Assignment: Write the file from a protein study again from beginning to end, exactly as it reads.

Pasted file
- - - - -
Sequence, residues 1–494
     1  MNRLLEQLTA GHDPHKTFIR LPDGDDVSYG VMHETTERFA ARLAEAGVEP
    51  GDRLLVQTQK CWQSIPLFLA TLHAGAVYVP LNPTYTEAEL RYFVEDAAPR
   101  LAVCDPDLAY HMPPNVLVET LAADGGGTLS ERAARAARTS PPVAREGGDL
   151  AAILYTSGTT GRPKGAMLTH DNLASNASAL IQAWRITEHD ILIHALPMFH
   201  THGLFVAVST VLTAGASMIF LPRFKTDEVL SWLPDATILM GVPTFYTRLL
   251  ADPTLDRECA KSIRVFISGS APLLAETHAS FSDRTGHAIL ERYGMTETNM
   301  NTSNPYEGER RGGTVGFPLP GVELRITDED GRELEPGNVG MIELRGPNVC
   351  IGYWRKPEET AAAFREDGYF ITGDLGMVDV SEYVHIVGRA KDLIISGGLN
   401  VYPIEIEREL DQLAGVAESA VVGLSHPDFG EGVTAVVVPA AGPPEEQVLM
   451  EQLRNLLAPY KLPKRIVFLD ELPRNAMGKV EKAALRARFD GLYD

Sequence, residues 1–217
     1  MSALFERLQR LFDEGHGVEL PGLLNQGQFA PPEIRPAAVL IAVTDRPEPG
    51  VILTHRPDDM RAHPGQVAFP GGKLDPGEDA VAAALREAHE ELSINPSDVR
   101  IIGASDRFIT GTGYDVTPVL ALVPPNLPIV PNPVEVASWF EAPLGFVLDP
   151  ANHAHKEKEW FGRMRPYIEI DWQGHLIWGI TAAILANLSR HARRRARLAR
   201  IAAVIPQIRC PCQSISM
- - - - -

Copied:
Sequence, residues 1–494
     1  MNRLLEQLTA GHDPHKTFIR LPDGDDVSYG VMHETTERFA ARLAEAGVEP
    51  GDRLLVQTQK CWQSIPLFLA TLHAGAVYVP LNPTYTEAEL RYFVEDAAPR
   101  LAVCDPDLAY HMPPNVLVET LAADGGGTLS ERAARAARTS PPVAREGGDL
   151  AAILYTSGTT GRPKGAMLTH DNLASNASAL IQAWRITEHD ILIHALPMFH
   201  THGLFVAVST VLTAGASMIF LPRFKTDEVL SWLPDATILM GVPTFYTRLL
   251  ADPTLDRECA KSIRVFISGS APLLAETHAS FSDRTGHAIL ERYGMTETNM
   301  NTSNPYEGER RGGTVGFPLP GVELRITDED GRELEPGNVG MIELRGPNVC
   351  IGYWRKPEET AAAFREDGYF ITGDLGMVDV SEYVHIVGRA KDLIISGGLN
   401  VYPIEIEREL DQLAGVAESA VVGLSHPDFG EGVTAVVVPA AGPPEEQVLM
   451  EQLRNLLAPY KLPKRIVFLD ELPRNAMGKV EKAALRARFD GLYD

Sequence, residues 1–217
     1  MSALFERLQR LFDEGHGVEL PGLLNQGQFA PPEIRPAAVL IAVTDRPEPG
    51  VILTHRPDDM RAHPGQVAFP GGKLDPGEDA VAAALREAHE ELSINPSDVR
   101  IIGASDRFIT GTGYDVTPVL ALVPPNLPIV PNPVEVASWF EAPLGFVLDP
   151  ANHAHKEKEW FGRMRPYIEI DWQGHLIWGI TAAILANLSR HARRRARLAR
   201  IAAVIPQIRC PCQSISM